The leader of al-Qaeda’s branch in Yemen says his forces have often fought alongside US- and Saudi-backed militia and supporters of former Yemeni president Abd Rabbuh Mansur Hadi against the Yemeni army and the popular Houthi Ansarullah movement.
Qasim al-Rimi, the ringleader of Al-Qaeda in the Arabian Peninsula (AQAP), made the remarks to the terrorist group’s media arm al-Malahem from an undisclosed location in war-torn Yemen on Sunday, adding that his militants had teamed up with an array of other “factions,” including Salafist groups and the “Muslim Brotherhood,” who are both key militias on Hadi’s side.
The AQAP is perceived as the most active branch of the al-Qaeda terrorist group and has been considered by the Pentagon as the most dangerous offshoot of the global terror network. Washington has already offered a $5million prize for al-Rimi’s capture.
Since March 2015, Saudi Arabia has been heavily bombarding Yemen as part of a brutal campaign against its impoverished southern neighbor in an attempt to reinstall Hadi, a staunch ally of Riyadh, and crush the Houthis, who are in control of large parts of Yemen including the capital Sana’a.
The militia fighting for Hadi, who initially fled the country to Riyadh, managed to capture Aden in July 2015 with the military help of the Saudi regime after it fell to the Houthis in September 2014.
Since then, Hadi, along with his supporters and militiamen, has turned the port city into their base, calling it the country’s temporary capital, and have gone hand-in-hand with the Saudi war machine against his own people. The brutal Saudi aggression has so far claimed the lives of more than 12,000 Yemenis.
The AQAP has taken advantage of nearly two years of the Saudi military campaign and the resulting chaos and breakdown of security in Yemen to tighten its grip on the southern and southeastern parts of the Arab country.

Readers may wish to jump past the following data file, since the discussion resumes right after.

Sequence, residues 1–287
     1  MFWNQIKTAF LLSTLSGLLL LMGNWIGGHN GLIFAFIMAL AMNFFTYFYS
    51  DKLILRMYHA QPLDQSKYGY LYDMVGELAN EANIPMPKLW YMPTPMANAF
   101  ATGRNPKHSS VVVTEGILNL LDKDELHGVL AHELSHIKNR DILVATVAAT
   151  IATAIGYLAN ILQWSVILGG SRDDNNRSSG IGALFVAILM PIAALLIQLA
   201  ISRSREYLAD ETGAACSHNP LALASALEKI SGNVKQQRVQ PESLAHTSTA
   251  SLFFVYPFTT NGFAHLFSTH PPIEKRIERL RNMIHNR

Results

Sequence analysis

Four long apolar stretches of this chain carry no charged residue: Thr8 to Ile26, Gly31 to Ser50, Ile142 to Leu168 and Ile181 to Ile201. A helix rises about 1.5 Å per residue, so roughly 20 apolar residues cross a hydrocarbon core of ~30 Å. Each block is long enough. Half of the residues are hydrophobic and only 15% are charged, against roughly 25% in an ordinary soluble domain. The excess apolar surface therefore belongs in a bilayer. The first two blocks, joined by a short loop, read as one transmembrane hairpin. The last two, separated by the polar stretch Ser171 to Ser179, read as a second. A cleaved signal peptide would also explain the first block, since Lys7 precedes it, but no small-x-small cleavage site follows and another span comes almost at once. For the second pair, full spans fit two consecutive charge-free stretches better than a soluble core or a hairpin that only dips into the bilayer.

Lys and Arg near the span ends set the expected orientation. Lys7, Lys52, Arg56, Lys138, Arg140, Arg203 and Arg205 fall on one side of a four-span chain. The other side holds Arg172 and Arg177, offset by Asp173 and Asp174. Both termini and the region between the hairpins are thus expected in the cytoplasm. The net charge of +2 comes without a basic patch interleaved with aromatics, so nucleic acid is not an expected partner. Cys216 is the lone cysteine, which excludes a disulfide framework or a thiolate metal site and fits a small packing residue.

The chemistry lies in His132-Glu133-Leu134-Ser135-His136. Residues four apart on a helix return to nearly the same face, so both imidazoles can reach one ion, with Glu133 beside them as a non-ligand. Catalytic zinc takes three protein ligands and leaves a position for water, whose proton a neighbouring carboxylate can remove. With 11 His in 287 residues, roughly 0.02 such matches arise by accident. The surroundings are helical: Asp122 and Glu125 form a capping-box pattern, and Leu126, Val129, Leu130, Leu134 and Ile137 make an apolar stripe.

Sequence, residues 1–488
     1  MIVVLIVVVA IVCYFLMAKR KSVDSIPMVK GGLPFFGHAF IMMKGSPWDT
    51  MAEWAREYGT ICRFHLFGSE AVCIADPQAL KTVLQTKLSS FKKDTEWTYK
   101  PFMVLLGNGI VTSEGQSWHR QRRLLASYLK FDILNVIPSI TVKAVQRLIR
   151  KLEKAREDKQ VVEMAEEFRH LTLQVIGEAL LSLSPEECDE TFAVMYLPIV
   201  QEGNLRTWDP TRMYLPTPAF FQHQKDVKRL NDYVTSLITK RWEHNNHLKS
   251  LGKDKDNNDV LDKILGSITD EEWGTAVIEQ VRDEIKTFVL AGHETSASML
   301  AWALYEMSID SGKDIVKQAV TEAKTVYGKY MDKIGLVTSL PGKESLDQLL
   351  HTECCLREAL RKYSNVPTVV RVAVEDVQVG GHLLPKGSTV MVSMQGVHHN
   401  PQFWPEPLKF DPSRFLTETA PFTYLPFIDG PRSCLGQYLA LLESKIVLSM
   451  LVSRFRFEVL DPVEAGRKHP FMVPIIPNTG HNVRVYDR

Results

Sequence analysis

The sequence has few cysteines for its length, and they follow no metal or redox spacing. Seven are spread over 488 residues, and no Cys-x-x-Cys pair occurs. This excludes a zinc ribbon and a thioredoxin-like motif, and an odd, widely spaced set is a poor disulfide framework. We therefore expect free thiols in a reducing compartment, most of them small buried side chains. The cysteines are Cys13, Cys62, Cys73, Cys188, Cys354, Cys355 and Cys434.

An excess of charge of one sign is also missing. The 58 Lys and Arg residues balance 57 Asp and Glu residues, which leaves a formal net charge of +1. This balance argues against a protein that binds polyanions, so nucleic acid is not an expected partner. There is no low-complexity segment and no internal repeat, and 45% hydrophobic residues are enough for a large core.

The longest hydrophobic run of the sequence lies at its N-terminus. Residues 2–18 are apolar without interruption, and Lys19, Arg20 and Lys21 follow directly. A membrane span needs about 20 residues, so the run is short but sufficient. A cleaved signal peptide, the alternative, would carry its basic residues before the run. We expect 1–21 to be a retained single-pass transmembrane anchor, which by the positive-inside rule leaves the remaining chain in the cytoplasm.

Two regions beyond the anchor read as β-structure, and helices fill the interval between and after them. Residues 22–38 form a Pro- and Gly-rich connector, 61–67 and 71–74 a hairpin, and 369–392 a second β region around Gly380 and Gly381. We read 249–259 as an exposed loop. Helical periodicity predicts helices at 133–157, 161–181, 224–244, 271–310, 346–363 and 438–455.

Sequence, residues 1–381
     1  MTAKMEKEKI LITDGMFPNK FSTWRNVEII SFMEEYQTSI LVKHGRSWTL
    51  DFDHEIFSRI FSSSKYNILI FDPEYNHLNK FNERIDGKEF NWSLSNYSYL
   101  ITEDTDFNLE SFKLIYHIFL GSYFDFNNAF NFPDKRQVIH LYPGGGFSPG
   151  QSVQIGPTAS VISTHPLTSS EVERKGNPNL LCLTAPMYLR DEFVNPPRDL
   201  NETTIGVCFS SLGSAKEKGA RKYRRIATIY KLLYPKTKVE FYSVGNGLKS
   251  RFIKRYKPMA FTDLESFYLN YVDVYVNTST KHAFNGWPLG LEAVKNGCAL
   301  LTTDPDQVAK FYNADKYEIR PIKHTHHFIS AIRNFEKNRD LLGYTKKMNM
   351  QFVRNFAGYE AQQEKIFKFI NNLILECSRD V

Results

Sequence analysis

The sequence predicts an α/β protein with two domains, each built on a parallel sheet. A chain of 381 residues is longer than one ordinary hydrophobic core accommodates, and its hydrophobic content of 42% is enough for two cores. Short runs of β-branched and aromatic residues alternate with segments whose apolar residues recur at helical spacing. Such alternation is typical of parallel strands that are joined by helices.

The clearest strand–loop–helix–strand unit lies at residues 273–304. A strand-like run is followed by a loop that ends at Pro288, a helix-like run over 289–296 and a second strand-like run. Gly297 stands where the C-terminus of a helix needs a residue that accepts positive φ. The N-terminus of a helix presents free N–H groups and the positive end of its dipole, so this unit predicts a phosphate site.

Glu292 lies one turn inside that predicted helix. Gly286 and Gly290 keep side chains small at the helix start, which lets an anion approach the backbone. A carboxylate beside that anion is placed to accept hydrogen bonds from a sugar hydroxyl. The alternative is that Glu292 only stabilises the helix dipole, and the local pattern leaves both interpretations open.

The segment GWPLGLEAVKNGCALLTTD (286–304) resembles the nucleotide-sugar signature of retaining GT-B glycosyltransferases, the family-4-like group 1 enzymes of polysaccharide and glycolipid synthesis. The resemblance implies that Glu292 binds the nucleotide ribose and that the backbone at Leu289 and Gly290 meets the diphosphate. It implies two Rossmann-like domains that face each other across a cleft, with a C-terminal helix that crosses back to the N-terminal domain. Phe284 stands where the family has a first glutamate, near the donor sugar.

Washington also carries out drone airstrikes in Yemen alongside the Saudi military aggression against the impoverished conflict-ridden country, claiming to be targeting AQAP terrorists; however, local sources say civilians have been the main victims of the attacks.
UN warns about possible Saudi attack on Yemeni port
The UN’s high commissioner for human rights, Zeid Ra’ad al-Hussein, warned on Monday that the world body was continuously receiving alarming signs that the so-called Saudi-led coalition could attack the key port city of Hudaydah, causing humanitarian suffering and loss of life.
“The UN is concerned about the humanitarian repercussions of such an attack in terms of inflaming the humanitarian crisis even further, let alone our concerns about loss of civilian life were there to be a large-scale attack on the port,” he told a press conference in Geneva, Switzerland.
Late on March, the UN had also said that it was “extremely concerned” about a potential attack on the western port city. “We as the United Nations are advocating that no military operations should be undertaken in Hudaydah,” said UN Special Envoy for Yemen Ismail Ould Cheikh Ahmed at the time.
The strategic port of Hudaydah, currently under the control of Yemen’s Houthi Ansarullah fighters, is part of a broad battlefront where Saudi-backed forces are fighting the Yemeni army and its Houthi allies.
The powerful resistance put up by the Houthi fighters has bogged down a supposedly militarily-superior Saudi Arabia. Observers say Riyadh has not only failed to reach any of its goals from the war on Yemen, but has also been unable to pull out of the conflict in a face-saving manner.
This is while recent reports say Washington is considering a more assertive role in the war on Yemen by providing more assistance to the Riyadh-led military alliance by carrying out an offensive against Hudaydah aimed at eliminating the Houthi fighters and allied army and popular forces.